Germany Willing to Consider Russia’s Sputnik Covid-19 Vaccine
(Bloomberg) -- Germany would consider buying Russia’s Sputnik V Covid-19 vaccine even if some of its European partners choose not to, according to Chancellor Angela Merkel’s chief spokesman.
Germany signed up to a program under which the European Union is in charge of sourcing most of the coronavirus vaccines bought by the bloc. However, Merkel’s government could envisage buying the Sputnik shot itself as long as it is approved in the normal way by the EU’s regulator, her spokesman, Steffen Seibert, said Wednesday at a regular news conference.
He was speaking after Merkel discussed Sputnik and “opportunities for cooperation in the vaccine sector” with Russian President Vladimir Putin and French President Emmanuel Macron on a call on Tuesday. The German leader has come under pressure to consider adding Sputnik to the country’s list of approved Covid-19 shots to help speed up its stuttering inoculation drive.
“Germany doesn’t judge a vaccine by which country it comes from but by whether it meets the criteria of the European Medicines Agency,” Seibert said. “We are not there yet and need to wait for the evaluation.”
Germany is closely involved in the approval process for Sputnik as it is one of the EMA’s so-called “rapporteurs” for the assessment of the vaccine, Hanno Kautz, a health ministry spokesman, said at the same news conference. The rapporteur leads an assessment team with officials from their national agency or other national agencies.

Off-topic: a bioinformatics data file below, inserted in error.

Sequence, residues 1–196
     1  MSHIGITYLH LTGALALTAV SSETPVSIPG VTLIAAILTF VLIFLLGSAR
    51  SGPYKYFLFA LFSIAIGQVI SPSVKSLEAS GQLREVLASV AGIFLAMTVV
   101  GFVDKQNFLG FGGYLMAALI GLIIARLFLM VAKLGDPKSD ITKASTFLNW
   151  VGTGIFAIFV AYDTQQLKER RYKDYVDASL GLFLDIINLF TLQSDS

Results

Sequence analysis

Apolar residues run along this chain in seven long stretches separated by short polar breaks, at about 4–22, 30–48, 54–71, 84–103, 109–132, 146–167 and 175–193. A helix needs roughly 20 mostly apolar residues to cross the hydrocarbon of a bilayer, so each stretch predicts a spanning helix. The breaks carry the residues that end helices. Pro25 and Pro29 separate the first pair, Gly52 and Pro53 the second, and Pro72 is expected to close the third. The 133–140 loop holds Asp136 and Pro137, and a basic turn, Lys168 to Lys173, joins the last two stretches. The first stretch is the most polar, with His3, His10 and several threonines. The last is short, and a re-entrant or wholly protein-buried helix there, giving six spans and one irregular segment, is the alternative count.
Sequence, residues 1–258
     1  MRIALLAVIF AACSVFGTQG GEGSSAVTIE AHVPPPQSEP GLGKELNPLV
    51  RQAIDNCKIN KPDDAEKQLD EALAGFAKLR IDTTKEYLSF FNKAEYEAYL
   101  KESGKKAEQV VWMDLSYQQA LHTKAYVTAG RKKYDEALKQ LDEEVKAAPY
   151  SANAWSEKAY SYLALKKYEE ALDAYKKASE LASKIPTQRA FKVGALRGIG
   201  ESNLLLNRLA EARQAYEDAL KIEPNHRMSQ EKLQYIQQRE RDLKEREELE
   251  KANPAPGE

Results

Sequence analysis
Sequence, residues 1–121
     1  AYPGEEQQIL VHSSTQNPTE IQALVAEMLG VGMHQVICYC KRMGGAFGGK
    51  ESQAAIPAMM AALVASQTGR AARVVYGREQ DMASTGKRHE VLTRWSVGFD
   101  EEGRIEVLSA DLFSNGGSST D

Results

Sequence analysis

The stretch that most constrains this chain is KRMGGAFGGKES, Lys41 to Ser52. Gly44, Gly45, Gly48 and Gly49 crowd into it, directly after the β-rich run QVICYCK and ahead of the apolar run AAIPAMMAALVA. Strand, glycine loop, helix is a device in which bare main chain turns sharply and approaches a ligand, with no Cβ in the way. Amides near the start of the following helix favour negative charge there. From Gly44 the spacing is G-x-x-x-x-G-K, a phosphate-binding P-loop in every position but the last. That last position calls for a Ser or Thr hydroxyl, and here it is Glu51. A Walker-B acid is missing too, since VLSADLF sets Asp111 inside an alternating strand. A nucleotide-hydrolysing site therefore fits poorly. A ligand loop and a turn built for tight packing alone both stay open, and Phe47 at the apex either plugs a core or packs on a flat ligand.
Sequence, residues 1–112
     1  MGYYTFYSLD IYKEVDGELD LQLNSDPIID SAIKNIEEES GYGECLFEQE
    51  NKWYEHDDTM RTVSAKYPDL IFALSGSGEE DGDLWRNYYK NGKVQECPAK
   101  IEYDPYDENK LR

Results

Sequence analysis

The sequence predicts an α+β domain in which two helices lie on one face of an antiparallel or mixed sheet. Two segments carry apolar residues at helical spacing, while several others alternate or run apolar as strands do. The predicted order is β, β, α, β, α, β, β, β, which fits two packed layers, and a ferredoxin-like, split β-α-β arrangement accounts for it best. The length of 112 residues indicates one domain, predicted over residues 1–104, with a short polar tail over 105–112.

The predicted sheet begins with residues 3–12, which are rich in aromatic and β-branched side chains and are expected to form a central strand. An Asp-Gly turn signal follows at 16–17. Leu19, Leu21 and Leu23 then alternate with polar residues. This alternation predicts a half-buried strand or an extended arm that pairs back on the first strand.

However, Kautz said Germany has yet to receive any data on the shot, suggesting it may take some time for the process to be completed.
EU leaders were told during a video conference last week that it could be three to four months before Sputnik receives EMA approval, according to a diplomatic cable seen by Bloomberg. Some leaders questioned whether the drug would still be needed at that point, the note said.
Russia has persuaded more than 50 countries to approve Sputnik V, with several million doses already delivered to Latin America, the biggest demand so far.
Austria is in talks to purchase the vaccine as early as next week and could get as many as 300,000 Sputnik doses in April, Chancellor Sebastian Kurz said Wednesday after a meeting with the Russian ambassador in Vienna.
“We’re still coordinating the details and have already had weeks of talks,” Kurz said in a statement. He didn’t specify whether Austria would wait for EMA approval.
The Russian Direct Investment Fund, which backed the vaccine’s development and is in charge of its international roll-out, has set out plans to boost overseas production to supply shots to almost one in ten people on the planet this year.
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